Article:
Guest Blog : Pacing, patterns and pain management by Dr Pamela Bell
Updated: Feb 26
Almost 1 in 4 people live with chronic pain, that is pain which persists for more than three months. Whilst there are many and various causes of chronic pain (injury, inflammation, nerve damage etc.), those who live with pain experience many problems in common.
Because it affects the parts of the brain, including those controlling mood, sleep attention, and concentration, chronic pain impacts adversely on many aspects of daily life, work, relationships, activity, anxiety over money, employment, and the future life. It also follows that events or issues that have a negative impact on mood, sleep, activity increase the severity of pain. This intensity varies in an apparently random fashion and often it is not clear to the sufferer what the trigger may be. This can lead to unnecessary avoidance of potential triggers, especially movement or socialising, further reducing quality of life.
Tracking this variability over time is a challenge if concentration is impaired. Pain specialists are divided over the value of diary keeping as it requires motivation to maintain over the length of time needed to identify patterns of triggers, it may also increase the patient’s preoccupation with their pain rather than providing a distraction from it. When consulting a doctor, pharmacist, or therapist it can be difficult to remember or convey how the pattern of the pain changes over time, still less to relate how treatments or interventions have had a beneficial or detrimental effect on a fluctuating symptom. More attention is then given to the pain as it is at the time of the consultation and decisions as to continuing or changing the approach to management are unclear.
So, can technology help? TIYGA (Time Is Your Greatest Asset) has an app that can assist. This app fits well with the spirit of the recent NICE guidance which emphasizes the importance of a more whole-person view taking account of daily routines, non-pharmacological solutions and the context of the pain. The TIYGA app is designed to include a template that is helpful to healthcare professionals and quick and easy for patients, it should only take 1-2 mins to enter data and have a handy record that reduces the problem of recall error. By making diary entry quick and easy, TIYGA can reduce the likelihood of patients dwelling too long on recording their experience and improve the accuracy of the record.
A novel feature of the app is the ability to select different templates for different situations. For example, there is a profile called simply “Managing Pain” but there are others that include “Inflammation or joint pain” that might suit someone with arthritis, one for “Abdominal pain and stress” and others for headache, fibromyalgia and more. The idea is to recognize that chronic pain make take many forms, but patient diaries may be so “individual” in their nature that it is very hard for professionals to interpret them during consultations. TIYGA’s technology addresses this through templated profiles to allow users to select what suits them best. TIYGA aims to help patients to help themselves by recognizing some patterns in the app but also to help them to have better conversations with pain management professionals. Healthcare professionals and patient-focused organisations can even sponsor profiles to ensure that the right parameters are tracked so their patients know whose expertise is behind the profiles.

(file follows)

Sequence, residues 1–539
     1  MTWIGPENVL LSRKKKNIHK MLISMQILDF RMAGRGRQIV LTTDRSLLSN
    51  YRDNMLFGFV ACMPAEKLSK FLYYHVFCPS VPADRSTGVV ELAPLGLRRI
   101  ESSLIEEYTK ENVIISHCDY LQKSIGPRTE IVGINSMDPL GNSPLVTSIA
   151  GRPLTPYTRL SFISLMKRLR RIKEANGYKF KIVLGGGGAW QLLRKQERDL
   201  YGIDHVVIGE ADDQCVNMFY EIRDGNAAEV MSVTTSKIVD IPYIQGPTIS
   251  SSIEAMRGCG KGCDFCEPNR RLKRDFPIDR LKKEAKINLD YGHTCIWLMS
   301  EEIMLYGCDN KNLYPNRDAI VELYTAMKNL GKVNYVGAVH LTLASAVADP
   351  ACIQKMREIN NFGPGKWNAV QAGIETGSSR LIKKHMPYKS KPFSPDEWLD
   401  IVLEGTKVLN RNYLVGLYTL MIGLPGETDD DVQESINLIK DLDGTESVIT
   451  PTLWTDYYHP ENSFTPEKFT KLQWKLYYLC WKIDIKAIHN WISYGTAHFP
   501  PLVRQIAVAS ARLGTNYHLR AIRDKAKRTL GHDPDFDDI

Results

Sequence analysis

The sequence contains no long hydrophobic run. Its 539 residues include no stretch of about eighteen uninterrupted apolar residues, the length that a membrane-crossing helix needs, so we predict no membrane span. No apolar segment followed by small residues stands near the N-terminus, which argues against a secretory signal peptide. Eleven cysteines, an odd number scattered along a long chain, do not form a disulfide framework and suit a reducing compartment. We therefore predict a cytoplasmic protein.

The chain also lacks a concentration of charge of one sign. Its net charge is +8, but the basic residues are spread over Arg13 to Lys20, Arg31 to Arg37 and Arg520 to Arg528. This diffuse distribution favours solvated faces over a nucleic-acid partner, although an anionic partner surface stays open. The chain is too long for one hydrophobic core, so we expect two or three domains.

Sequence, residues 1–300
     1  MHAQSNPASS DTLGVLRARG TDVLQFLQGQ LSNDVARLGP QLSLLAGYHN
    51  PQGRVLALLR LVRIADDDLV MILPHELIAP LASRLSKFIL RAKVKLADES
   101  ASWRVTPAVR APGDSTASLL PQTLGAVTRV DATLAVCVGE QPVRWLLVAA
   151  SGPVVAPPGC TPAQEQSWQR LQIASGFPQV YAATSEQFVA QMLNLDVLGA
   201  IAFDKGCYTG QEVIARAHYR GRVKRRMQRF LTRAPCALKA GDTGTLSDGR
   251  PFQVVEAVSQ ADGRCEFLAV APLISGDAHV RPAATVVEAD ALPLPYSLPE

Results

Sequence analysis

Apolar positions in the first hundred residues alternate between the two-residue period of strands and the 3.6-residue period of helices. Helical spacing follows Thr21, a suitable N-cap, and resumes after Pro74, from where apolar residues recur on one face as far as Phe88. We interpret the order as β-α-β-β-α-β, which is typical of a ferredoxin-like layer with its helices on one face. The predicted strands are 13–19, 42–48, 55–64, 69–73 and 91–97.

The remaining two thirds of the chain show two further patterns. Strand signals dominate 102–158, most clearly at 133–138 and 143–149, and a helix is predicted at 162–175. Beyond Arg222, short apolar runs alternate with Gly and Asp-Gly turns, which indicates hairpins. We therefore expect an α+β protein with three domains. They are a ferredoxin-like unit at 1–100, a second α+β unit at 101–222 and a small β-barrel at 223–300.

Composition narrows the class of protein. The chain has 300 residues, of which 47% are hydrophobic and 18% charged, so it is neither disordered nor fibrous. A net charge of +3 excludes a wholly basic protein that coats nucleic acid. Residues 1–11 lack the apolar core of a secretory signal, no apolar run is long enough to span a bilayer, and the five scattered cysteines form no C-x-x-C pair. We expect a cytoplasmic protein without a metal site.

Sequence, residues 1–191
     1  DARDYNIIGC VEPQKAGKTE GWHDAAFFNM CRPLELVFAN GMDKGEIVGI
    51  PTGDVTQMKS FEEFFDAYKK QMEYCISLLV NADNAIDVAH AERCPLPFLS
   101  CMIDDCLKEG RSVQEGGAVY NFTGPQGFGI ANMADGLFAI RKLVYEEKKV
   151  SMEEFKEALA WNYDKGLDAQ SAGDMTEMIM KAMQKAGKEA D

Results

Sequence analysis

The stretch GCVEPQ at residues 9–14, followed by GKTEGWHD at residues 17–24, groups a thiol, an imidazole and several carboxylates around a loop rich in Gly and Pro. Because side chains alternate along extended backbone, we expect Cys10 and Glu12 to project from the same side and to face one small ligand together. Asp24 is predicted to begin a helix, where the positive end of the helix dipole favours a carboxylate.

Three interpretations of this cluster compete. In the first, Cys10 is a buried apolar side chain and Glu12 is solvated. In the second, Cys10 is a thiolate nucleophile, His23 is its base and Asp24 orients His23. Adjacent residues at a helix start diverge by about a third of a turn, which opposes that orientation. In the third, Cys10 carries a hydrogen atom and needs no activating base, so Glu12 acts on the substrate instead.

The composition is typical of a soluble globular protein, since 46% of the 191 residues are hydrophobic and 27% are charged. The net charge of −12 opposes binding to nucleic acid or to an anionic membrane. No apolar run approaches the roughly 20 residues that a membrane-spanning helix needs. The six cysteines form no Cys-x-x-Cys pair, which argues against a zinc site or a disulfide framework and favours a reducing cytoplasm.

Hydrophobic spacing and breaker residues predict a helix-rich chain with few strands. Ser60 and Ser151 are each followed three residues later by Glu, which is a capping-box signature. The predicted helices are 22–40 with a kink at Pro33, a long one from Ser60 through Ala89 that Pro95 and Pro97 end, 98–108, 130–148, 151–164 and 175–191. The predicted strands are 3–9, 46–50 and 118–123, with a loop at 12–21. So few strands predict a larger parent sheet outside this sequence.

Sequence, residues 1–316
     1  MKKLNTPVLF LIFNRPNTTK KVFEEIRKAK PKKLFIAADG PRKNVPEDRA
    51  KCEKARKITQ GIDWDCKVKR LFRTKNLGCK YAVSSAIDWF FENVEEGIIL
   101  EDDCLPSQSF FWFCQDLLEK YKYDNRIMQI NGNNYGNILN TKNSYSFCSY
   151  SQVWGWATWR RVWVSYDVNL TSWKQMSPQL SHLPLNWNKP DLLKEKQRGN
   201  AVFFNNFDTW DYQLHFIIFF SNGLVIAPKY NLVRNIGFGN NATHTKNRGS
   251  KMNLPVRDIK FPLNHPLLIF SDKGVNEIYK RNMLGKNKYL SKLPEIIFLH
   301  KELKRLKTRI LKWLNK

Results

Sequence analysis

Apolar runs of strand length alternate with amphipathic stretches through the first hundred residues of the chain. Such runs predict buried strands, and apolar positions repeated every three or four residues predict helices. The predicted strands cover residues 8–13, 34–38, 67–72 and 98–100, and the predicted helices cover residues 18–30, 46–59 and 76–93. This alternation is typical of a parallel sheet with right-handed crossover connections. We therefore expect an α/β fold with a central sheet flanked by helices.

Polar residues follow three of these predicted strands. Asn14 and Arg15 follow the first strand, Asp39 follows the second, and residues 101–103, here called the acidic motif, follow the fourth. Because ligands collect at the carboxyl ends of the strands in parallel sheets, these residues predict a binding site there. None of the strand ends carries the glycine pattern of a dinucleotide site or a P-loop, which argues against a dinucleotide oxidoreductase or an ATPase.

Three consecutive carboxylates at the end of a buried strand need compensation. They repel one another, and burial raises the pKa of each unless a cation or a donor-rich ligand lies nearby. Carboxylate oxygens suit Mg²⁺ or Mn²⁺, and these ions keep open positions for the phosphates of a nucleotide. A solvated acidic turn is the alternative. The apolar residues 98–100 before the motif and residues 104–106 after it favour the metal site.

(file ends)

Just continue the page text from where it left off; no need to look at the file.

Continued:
With the TIYGA app, people can keep track of the things they’d normally put in a pain diary for example they can choose to track each and any of these:
Rate the intensity of their symptoms on a 0-10 scale (e.g., pain level, sleep quality, stress level)
Keep an activity diary to show what they did and for how long (e.g., sleep, walking, work, hobbies)
Keep a health impact diary (e.g., was the pain mild, moderate or severe)
Maintain a brief record of their self-management strategies (e.g., complementary therapies, heat pad)
TIYGA allows them to use any combination of these to keep track of what makes them feel better or worse or see if there’s a pattern that works better for them. By keeping a handy diary on their mobile phone, they can keep a note of what influences their mood and ability to manage pain. It is important to get the activity level right and to appreciate that sometimes the impact of overdoing it may not be immediate but a few days later – that’s where TIYGA’s diary is so useful. This can help them to work with their pain team because reports with activity maps and symptom timelines can be shared with pain specialists to show what were doing and how they felt in the days before and after an incident.
Some people use TIYGA’s activity diary to help them to pace their activities. Rather than giving up something they like or being afraid to do it at all, they might want to try doing the activity in 15min or 30 min intervals and doing something else in between. Pacing and goal setting are very important concepts in pain management – and these can change when they are trying different medications and therapies.
We all know that pain can be worse some times than others and it is hard to remember what was different about the good days and bad days, but if only we knew we could feel more in control and make choices.
As we learn more about the many factors that influence the impact of pain on people’s lives, we need to find ways to translate that knowledge to the patient community and to empower people to bring the learning from pain management courses into their daily lives.
For more follow @BellPamela1 and @tiygahealth on twitter
This blog was also published on https://www.nrtimes.co.uk/pacing-patterns-and-pain-management-tiyga/